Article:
One of the major focuses this week at TechEd and for Microsoft in general is cloud computing and cloud based services. One of the services getting some real love this week is Windows Intune. In this post I’ll be introducing the Intune service and explaining how it can benefit you.
Windows Intune is a service that provides security and management capabilities through the cloud and a web-based management console. With Intune, you get malware protection, policy management, system health alerting and more.
- Centrally manage deployment of Microsoft updates
- Malware protection using the same engine as Forefront Endpoint Protection
- Provide Remote Assistance to your users from anywhere
- Track PCs and track software license usage
- Centrally manage firewall and malware settings for PCs connected to the service
I’ve just started using the service today, but what I like I about it is the usability. Unlike deploying Windows Server Update Services, Forefront Endpoint Protection and System Center Operations Manager locally to achieve the same integration, managing Windows Intune is a breeze. Most of the hard stuff is done for you, freeing you up to take care of what matters the most.
Installation of the Intune client is a breeze. One click to download a ZIP file that has the executable and necessary files to associate the client, and then installation takes place seamlessly and silently.
Windows Intune supports Professional, Enterprise and Ultimate SKUs and is reasonably priced at $11 per device per month.
Here’s the no frills quick and dirty run down on some of what was announced today at TechEd 2011.
- New May CTP of Windows Azure AppFabric with new messaging capabilities for publication and subscription. Available today.
- Coming in June, a CTP of AppFabric Application Manager and Developer Tools with enhancements to Visual Studio, new runtime capabilities for automatic deployment and application monitoring, and a new AppFabric Composition Model. Expected availability in June.
- Coming later this summer to SQL Azure, an enhancements to the web based management portal, better schema management, new service to manage SQL Azure databases through OData, and the integration of import and export features in the management portal. Features coming in a service update later this summer.
- Demoed System Center ‘Concero’ during keynote for managing private cloud resources and public cloud resources.
- System Center Orchestrator 2012 (Formerly Opalis) an IT process automation platform for orchestrating workflows across systems. Expected availability – Beta in June 2011
- Demoed System Center Connector for Visual Studio to quickly escalate issues to engineering teams for review and fixes if necessary. In beta today, final release date not yet known.
- Forefront Endpoint Protection 2012 announced today, built on System Center Configuration Manager, and designed to allow IT to use existing infrastructure to deploy and manage endpoints in their networks. In beta today, final release date not yet known.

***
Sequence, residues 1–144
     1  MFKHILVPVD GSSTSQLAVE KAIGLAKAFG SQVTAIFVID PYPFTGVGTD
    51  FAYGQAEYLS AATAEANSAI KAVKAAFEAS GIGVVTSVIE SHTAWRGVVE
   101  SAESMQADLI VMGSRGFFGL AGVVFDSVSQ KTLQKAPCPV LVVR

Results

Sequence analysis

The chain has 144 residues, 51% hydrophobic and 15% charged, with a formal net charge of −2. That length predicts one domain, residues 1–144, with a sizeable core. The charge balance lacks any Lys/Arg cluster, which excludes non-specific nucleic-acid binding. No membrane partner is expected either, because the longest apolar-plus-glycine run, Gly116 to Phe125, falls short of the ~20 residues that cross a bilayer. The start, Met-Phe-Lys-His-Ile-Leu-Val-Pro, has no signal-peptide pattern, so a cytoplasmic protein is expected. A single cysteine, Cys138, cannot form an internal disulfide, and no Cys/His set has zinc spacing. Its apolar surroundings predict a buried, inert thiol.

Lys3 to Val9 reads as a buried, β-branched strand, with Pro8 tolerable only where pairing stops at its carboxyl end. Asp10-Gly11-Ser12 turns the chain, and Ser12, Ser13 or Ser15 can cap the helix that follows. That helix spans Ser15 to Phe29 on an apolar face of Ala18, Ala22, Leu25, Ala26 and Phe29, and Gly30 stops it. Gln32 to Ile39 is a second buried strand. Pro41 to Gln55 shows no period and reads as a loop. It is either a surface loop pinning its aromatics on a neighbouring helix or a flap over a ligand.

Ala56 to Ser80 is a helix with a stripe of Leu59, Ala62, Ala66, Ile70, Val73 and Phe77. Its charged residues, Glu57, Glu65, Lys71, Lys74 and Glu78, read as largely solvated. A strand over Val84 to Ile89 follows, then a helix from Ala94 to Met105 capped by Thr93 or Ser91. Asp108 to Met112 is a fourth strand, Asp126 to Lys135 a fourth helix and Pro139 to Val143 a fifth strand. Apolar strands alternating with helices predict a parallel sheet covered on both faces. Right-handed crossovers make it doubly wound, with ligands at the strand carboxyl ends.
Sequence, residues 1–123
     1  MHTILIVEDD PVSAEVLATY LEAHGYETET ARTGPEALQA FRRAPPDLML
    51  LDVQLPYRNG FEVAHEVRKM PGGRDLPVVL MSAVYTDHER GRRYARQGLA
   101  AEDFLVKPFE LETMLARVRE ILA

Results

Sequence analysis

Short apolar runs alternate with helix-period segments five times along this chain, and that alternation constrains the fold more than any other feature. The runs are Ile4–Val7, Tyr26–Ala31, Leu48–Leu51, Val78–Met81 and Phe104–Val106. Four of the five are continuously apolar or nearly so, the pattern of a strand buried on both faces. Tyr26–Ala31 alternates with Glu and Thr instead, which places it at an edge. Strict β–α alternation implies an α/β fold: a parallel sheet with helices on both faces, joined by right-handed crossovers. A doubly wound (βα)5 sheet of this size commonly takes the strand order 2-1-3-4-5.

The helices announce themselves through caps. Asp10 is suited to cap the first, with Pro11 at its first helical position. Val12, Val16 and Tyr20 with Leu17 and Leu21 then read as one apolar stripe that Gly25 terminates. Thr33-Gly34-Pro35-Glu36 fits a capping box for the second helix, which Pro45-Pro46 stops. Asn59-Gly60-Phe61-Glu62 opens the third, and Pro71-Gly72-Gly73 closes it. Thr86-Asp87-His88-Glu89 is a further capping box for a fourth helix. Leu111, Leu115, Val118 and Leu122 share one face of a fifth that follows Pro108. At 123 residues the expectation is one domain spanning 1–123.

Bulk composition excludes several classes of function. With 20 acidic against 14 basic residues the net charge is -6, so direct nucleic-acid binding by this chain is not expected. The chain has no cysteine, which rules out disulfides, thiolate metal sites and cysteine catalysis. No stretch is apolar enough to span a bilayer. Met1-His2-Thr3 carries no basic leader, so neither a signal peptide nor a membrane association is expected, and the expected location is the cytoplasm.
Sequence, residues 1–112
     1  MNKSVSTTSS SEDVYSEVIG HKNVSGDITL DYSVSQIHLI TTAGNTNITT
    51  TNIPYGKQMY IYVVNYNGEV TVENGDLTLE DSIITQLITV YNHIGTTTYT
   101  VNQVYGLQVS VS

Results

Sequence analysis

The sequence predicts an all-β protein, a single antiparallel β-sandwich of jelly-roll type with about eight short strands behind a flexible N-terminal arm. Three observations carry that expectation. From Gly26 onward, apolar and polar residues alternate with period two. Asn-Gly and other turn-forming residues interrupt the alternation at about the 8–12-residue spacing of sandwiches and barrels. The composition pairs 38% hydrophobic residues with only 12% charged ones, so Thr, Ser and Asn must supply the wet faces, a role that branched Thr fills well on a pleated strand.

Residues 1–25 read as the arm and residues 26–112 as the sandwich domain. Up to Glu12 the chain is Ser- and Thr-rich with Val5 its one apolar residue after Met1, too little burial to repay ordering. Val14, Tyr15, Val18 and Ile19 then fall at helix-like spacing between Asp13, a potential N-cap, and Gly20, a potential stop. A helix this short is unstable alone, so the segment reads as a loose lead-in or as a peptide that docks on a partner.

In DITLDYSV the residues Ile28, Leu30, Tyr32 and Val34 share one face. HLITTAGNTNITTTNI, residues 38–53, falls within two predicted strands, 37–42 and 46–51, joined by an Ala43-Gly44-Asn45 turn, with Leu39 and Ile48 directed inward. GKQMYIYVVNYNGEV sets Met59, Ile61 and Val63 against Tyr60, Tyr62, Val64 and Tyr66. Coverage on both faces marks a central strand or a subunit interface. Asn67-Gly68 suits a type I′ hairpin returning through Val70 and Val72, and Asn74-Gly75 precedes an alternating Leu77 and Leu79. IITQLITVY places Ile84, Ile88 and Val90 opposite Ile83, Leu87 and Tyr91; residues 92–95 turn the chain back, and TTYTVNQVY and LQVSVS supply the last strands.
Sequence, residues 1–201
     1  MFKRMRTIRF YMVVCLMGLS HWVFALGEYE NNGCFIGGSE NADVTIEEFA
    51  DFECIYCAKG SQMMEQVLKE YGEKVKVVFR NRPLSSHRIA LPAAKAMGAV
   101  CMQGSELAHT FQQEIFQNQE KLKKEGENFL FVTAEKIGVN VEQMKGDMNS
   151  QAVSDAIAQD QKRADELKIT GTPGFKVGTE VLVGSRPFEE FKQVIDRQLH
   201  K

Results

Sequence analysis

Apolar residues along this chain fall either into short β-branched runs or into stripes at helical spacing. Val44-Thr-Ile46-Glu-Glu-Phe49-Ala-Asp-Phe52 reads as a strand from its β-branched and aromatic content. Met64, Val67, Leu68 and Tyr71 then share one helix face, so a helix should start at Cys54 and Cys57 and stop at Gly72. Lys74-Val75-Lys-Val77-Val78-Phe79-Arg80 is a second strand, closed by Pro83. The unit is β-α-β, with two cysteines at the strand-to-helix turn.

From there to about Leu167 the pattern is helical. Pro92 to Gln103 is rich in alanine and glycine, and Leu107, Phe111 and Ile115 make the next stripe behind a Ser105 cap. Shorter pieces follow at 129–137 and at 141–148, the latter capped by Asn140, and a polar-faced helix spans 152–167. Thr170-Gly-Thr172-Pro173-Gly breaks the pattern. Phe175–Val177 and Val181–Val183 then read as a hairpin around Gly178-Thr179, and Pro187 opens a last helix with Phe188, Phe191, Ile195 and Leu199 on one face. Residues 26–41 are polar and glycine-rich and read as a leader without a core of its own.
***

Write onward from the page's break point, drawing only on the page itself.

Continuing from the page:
Windows Phone 7:
- Lync 2010 for Windows Phone was shown off and will be available on the Windows Phone Marketplace around the time Mango is released.
- Out of box support in Mango for Office 365
- Conversation view, information rights management, pinnable email folders, complex password support and server side search for Outlook Mobile.
- All features coming with Windows Phone “Mango” around Holiday 2011
Office 2010 and SharePoint 2010:
- Service Pack 1 for both Office and Sharepoint 2010 will be released in June, with improved Internet Explorer 9 functionality, improvements to Office Web Apps, support for Google Chrome, and updates for other products in the Office 2010 family. Service Pack 1 will be released June 2011.
After following the very poor directions given to me about finding the shuttle to bring me to the hotel, and being lied to and ripped off for 20 bucks (yes, I’m bitter.), I made it to my hotel, the Marriott Marquis in Downtown Atlanta. Check in was fairly effortless, and I’ve got a very nice room on an upper floor of the hotel with a great view of the city. For the week, Microsoft has invested in custom room keys, sponsored by Windows Intune, with an attached map of the downtown area.
After getting settled in my room, I met up with Randy Guthrie, Academic Developer Evangelist and some Imagine Cup USA Finals winners as well as other invited students, and had a quick bite to eat while waiting for everyone to arrive. Once everyone arrived, we made the 15 minute walk over to the Georgia World Congress Center, and along the way passed by CNN Center, World of Coca-Cola, and the Phillips Arena. While at the GWCC, took a quick walking tour of where keynote would be, the exhibit hall, bloggers lounge, etc. After the tour was over, we went out to dinner and then made final arrangements for the morning.
On Day 1 we’ll see announcements from Jason Zander and Robert Wahbe and from what I’m hearing these announcements will be interesting.
Here are some photos from Day 0: